disabilities

Michelle Asgarali, shown in a handout photo, is the producer of the new show “Breaking Character,” which follows a cast of disabled actors trying to make it. THE CANADIAN PRESS/-HO-AMI

‘Breaking Character’ is breaking boundaries in the world of disability representation

Docu-series tells the stories of 6 performers with disabilities

 

Emerson and Amelia Nelson are seen in a handout photo. Their mother hopes the siblings and other children with ADHD get support through B.C.’s new service “hubs” for neurodiverse children. But Jaymie Nelson is concerned about possible wait lists and staffing issues in the new system, set to be launched next year. THE CANADIAN PRESS/HO-Rochelle Hepworth

B.C. to launch ‘circle of care’ for neurodiverse kids but parents have many questions

40 family connections centres, or hubs, are slated to be opened across the province

 

Lauren Simpson stars in ‘Lauren’s Story,’ a documentary created about the Harmony inclusive-housing project in South Surrey. (YouTube screenshot)

Rejected South Surrey inclusive-housing project subject of documentary

Trailer previewing May 28 launch of ‘Lauren’s Story’ released on YouTube

 

Self-Advocates of Semiahmoo member Alexa Lehwald and Tara Wall of UNITI present at the film festival. (Contributed photo)

PHOTOS: South Surrey students host inclusion-centred film fest

H.T. Thrift Elementary leadership team aimed to spread awareness, understanding

Self-Advocates of Semiahmoo member Alexa Lehwald and Tara Wall of UNITI present at the film festival. (Contributed photo)
Tracey Werry fears her sons Myles, 7, and Elliott, 9, will lose their autism support in the province’s new needs-based model. (Jane Skrypnek/News Staff)

B.C. parents fear new autism funding model will leave their children behind

Children’s ability to mask their autism traits often places them low on support list, mother says

Tracey Werry fears her sons Myles, 7, and Elliott, 9, will lose their autism support in the province’s new needs-based model. (Jane Skrypnek/News Staff)
Parents and advocates rallied outside the B.C. legislature Wednesday to protest changes to autism funding announced by the Minister of Children and Family Development. (Contributed photo)

Autism families ‘not giving up’ – South Surrey mom

Roxanne Black says Nov. 24 rally reinforced drive to halt funding-model changes

Parents and advocates rallied outside the B.C. legislature Wednesday to protest changes to autism funding announced by the Minister of Children and Family Development. (Contributed photo)
The Black family – Brad, Roxanne, Ella and Reid. (Contributed photo)

South Surrey autism advocate says province’s hub model ‘sets us back 20 years’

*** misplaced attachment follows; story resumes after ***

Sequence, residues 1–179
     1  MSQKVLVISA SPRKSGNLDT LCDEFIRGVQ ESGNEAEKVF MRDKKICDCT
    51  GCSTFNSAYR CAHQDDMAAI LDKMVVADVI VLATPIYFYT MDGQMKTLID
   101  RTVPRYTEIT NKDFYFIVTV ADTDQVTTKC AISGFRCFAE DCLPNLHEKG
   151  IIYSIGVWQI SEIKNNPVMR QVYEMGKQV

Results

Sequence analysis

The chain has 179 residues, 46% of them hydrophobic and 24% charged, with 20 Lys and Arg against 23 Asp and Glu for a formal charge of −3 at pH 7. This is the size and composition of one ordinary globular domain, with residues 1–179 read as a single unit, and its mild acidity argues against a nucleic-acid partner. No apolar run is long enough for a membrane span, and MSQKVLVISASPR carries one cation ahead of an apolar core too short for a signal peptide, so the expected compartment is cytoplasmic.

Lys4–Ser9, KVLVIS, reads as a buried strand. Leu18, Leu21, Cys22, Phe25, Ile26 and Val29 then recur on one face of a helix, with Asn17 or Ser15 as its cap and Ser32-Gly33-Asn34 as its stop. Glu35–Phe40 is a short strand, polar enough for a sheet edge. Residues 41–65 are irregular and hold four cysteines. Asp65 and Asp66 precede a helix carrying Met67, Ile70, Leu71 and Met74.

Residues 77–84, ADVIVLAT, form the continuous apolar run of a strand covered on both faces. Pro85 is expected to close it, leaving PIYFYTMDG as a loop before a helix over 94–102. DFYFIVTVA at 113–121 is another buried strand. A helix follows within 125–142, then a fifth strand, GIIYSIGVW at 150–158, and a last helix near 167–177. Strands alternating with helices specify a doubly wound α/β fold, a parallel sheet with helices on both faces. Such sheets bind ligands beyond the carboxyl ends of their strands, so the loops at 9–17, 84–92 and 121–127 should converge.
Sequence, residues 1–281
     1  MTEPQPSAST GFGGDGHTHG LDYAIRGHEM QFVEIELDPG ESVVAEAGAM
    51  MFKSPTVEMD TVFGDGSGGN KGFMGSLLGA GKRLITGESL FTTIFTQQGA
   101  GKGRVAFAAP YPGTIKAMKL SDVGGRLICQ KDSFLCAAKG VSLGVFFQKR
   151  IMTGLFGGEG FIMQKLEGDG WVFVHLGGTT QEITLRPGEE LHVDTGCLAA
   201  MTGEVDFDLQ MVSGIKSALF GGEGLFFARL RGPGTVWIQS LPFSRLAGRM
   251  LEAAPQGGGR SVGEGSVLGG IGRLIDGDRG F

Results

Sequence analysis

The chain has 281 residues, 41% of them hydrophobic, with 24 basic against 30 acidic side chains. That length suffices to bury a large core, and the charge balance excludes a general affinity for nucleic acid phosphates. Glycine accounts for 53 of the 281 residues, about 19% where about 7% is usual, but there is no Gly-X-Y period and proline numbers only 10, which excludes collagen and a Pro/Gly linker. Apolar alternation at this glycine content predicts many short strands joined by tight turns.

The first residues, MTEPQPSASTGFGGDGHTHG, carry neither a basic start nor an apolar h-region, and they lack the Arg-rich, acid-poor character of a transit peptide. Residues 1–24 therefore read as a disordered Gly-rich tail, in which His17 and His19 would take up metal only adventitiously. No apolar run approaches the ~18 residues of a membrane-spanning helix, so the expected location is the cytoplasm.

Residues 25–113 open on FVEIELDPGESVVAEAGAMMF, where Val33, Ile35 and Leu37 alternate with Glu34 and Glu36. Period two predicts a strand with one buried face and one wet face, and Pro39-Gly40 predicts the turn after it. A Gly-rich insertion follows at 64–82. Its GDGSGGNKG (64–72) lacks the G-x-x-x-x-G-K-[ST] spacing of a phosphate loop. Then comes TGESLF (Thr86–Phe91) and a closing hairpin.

Roxanne Black said protests are being planned across B.C. for Nov. 24

The Black family – Brad, Roxanne, Ella and Reid. (Contributed photo)
Charmly Smith (far right) – pictured here with (from left) Self Advocates of Semiahmoo’s Alexander Magnussen, Danielle Burns, Asma Patel and UNITI CEO Doug Tennant, at the 2017 Disability Pride Parade – is one of four winners of Community Living BC’s 2021 WOW Awards. (Contributed file photo)

South Surrey’s Charmly Smith an ‘inclusion champion’

Involvement co-ordinator for Self Advocates of Semiahmoo named 2021 WOW Award winner

Charmly Smith (far right) – pictured here with (from left) Self Advocates of Semiahmoo’s Alexander Magnussen, Danielle Burns, Asma Patel and UNITI CEO Doug Tennant, at the 2017 Disability Pride Parade – is one of four winners of Community Living BC’s 2021 WOW Awards. (Contributed file photo)
Premier John Horgan and Health Minister Adrian Dix look on as Provincial Health Officer Dr. Bonnie Henry speaks about the COVID-19 vaccine card set to arrive in mid-September as they discuss details about the process during a press conference at provincial legislature in Victoria, Monday, Aug. 23, 2021. THE CANADIAN PRESS/Chad Hipolito
Premier John Horgan shows his vaccination card after receiving a dose of the AstraZeneca COVID-19 vaccine at the pharmacy in James Bay Thrifty’s Foods in Victoria, B.C., on Friday, April 16, 2021. THE CANADIAN PRESS/Chad Hipolito

No medical exemptions for B.C. vaccine card ‘blatant discrimination’, disabled activist says

Some British Columbians cannot be vaccinated due to allergies to vaccine components

Premier John Horgan and Health Minister Adrian Dix look on as Provincial Health Officer Dr. Bonnie Henry speaks about the COVID-19 vaccine card set to arrive in mid-September as they discuss details about the process during a press conference at provincial legislature in Victoria, Monday, Aug. 23, 2021. THE CANADIAN PRESS/Chad Hipolito
Premier John Horgan shows his vaccination card after receiving a dose of the AstraZeneca COVID-19 vaccine at the pharmacy in James Bay Thrifty’s Foods in Victoria, B.C., on Friday, April 16, 2021. THE CANADIAN PRESS/Chad Hipolito
A fleet of supercars filled a quiet Langley City street to visit Langley City teen Alyssa Anderson on Sunday, July 25, as part of the Drive Project. (Dan Ferguson/Langley Advance Times)

VIDEO: Cool cars provide some automotive magic for B.C. teen

Driven Project brought fleet of supercars to quiet street